PORTLAND – Expect a distinctly different flavor from the Oregon Legislature next year.
Democrats were on track to muffle the loud voice that an evenly divided House of Representatives gave Republicans for the past two years.
As election officials continued counting ballots Wednesday, Democrats were on track to pick up four seats for a 34-26 majority in the House. The Democrats’ 16-14 edge in the Senate was unchanged in Tuesday’s election.
If the numbers hold, Republicans will lose the power they had to block Democratic legislation and exert their influence over state budget decisions.
Unions, environmentalists and access to abortion supporters picked up powerful allies. Business interests and critics of government spending could face a tougher environment.
House Democratic leader Tina Kotek, likely the next House speaker, said she wasn’t ready to talk about specific legislation her party will seek, but she offered some clues: affordable housing and more school funding.
“I think they’re going to see a lot of focus on … education, jobs, middle class families,” Kotek said. “That’s the bread and butter that we work on as Democrats.”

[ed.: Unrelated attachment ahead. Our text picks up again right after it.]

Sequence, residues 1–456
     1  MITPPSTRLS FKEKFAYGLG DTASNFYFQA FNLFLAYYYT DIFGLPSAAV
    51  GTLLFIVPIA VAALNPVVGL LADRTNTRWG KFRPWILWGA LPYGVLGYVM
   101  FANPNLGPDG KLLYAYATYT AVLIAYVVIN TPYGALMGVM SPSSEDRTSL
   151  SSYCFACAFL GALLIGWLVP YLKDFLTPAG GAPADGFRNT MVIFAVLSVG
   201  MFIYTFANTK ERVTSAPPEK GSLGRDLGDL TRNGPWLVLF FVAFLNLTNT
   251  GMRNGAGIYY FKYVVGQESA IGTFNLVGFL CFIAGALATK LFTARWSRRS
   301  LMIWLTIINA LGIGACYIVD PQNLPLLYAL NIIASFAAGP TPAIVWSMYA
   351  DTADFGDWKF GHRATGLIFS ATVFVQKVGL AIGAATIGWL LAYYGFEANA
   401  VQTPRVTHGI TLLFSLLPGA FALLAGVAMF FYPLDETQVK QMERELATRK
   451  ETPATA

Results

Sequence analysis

The party has pushed to increase state revenue by eliminating a variety of tax rebates.
In the tied House, Republicans used their influence over the budget to advocate spending restraints. They successfully demanded that hundreds of millions of dollars be left unbudgeted in case the economy turned south, refusing to bow to Democratic pleas that much of the cash be sent to schools.
Democrats outnumber Republicans in a majority of state House districts and had the upper hand before anyone even began campaigning. But Republicans hoped they could, at the very least, hold onto the 30-30 split that gave them a seat at the negotiating table and a powerful veto over legislation they didn’t like.
Now, they risk becoming bystanders to the Democratic majority.
Democratic Gov. John Kitzhaber will begin the second half of his third term next year, yet he’ll encounter a novel arrangement – he’s never before had a Democratic House and Senate at the same time.
sponsored According to two 2015 surveys, 62 percent of Americans do not have enough savings to handle an unexpected emergency, much less any long-term plans.